Building packages from the command line

Allen Bauer has posted this little newsgroup nugget on b.p.d.n-t:


The IDE supports a very little know feature where you can continue to control these options while in the IDE, yet allow the command-line be able to also control the options. In a package file, all the options listed there are propagated to all the contained units. This is different than a normal .dpr program/library file. In order to do this, all you need to do is replace the ‘$’ with a ‘ ‘ (that’s a <space>). Then when you open the dpk in the IDE, you can toggle those options as much as you like, but when you compile on the command-line, you can still control them.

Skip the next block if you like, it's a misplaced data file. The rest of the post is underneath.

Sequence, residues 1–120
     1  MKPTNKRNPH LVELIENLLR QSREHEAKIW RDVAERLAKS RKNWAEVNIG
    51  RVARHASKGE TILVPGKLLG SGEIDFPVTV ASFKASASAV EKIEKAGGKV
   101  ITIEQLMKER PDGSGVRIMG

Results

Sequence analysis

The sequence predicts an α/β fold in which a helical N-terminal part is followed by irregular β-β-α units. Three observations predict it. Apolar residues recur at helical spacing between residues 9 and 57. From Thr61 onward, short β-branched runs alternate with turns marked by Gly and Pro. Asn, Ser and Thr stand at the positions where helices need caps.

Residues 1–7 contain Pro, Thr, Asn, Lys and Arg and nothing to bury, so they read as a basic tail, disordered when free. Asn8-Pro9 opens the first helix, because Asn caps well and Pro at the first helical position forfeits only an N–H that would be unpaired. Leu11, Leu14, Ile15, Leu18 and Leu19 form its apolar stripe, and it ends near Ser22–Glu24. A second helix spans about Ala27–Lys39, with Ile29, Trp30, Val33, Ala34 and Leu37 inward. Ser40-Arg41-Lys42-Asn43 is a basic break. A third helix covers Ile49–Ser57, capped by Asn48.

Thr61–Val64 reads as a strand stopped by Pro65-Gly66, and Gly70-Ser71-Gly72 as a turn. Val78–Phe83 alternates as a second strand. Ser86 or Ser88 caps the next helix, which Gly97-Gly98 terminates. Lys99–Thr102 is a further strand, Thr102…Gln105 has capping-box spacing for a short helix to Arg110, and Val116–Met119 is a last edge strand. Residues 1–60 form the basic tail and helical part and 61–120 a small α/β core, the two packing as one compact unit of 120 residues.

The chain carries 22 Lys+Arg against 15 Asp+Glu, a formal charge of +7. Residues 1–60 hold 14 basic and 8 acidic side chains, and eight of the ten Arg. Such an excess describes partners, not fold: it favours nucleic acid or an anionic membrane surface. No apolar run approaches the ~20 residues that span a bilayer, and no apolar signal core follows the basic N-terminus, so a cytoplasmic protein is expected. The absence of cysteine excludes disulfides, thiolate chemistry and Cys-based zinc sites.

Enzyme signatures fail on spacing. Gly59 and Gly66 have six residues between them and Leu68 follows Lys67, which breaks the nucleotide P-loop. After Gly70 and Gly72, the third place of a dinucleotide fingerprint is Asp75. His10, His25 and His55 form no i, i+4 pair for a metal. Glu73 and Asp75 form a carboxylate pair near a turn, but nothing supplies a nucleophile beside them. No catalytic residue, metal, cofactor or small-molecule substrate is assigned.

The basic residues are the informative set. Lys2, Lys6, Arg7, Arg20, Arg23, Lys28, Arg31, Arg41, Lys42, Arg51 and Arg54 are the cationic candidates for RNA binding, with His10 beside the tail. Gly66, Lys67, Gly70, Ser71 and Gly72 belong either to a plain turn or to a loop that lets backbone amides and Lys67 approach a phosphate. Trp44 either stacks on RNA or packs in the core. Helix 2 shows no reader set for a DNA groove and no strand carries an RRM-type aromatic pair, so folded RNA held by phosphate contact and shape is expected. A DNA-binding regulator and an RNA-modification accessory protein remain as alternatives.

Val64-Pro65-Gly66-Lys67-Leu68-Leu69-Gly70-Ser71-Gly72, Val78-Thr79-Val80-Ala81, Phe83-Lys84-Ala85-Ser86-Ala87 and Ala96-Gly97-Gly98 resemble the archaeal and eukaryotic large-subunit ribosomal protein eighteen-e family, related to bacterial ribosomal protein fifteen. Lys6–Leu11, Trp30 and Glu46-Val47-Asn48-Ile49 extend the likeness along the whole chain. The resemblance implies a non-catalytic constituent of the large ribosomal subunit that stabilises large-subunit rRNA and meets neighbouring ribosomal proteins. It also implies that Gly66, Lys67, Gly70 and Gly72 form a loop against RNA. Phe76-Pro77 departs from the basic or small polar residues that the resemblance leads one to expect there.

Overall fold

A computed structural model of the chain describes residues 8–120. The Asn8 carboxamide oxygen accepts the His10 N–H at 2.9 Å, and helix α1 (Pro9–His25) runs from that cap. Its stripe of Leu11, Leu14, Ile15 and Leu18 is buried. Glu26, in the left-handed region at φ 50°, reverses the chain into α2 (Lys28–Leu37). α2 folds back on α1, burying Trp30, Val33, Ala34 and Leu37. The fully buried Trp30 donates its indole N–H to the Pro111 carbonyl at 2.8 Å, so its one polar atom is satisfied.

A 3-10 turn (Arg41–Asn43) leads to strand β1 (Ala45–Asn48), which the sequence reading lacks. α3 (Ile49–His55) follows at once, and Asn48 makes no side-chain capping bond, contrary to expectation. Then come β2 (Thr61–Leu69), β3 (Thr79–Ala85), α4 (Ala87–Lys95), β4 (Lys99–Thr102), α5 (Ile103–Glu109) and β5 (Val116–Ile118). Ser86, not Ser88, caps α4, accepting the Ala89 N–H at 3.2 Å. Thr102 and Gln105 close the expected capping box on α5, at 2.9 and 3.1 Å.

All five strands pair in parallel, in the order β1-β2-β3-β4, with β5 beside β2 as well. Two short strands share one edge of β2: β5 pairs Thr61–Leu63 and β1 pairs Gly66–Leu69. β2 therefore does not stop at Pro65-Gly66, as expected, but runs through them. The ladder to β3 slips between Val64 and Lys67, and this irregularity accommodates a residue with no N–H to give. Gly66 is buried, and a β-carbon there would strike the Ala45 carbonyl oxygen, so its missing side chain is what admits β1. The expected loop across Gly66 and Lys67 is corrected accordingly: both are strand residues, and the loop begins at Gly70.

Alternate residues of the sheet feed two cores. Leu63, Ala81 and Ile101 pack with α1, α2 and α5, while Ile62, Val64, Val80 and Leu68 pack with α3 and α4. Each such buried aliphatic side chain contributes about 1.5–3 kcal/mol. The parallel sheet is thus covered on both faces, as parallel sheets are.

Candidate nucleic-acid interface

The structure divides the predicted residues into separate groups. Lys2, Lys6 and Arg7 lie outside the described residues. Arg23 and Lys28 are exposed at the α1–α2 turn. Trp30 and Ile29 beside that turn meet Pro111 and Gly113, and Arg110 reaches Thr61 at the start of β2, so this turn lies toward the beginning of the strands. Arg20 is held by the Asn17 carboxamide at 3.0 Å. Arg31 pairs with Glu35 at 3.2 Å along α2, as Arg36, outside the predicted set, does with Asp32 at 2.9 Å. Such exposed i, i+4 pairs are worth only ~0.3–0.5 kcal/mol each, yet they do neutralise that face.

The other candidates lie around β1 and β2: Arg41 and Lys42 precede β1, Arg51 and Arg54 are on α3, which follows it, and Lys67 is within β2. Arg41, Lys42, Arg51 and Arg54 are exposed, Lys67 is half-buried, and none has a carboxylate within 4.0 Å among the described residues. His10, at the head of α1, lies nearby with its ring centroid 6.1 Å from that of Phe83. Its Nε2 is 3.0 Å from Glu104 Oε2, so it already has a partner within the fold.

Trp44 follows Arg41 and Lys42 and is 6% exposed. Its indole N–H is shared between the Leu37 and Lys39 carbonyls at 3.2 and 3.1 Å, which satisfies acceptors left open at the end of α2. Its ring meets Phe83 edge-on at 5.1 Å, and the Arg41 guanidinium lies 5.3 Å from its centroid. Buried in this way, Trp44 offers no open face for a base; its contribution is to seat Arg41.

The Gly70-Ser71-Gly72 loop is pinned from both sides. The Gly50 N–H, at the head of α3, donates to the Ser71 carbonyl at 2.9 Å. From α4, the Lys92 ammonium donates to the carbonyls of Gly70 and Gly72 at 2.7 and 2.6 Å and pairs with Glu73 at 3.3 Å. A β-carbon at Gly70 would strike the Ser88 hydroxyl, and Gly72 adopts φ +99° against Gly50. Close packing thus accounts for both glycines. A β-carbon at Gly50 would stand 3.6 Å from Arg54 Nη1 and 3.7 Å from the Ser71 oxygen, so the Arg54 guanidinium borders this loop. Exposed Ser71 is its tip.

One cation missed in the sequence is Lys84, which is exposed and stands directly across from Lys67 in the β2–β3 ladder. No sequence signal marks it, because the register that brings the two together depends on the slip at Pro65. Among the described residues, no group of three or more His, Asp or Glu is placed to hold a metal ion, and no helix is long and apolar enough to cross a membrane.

This is how we build all our packages for the product itself. All of the Borland built packages have DEBUGINFO, STACKFRAMES, ASSERTIONS, OPTIMIZATION, LOCALSYMBOLS setup this way because like you, we wan’t to be able to control those options from the command-line. The developers will typically do a complete “debug” build, whereas the integration team will not.

$DEFINES will sort of work the same way, in that if you replace the ‘$’ with a ‘ ‘, the IDE will still recognize the defines and apply them, but any other modifications to the dpk source will re-insert the ‘$’ character.


Great to know. Thanks, Allen!

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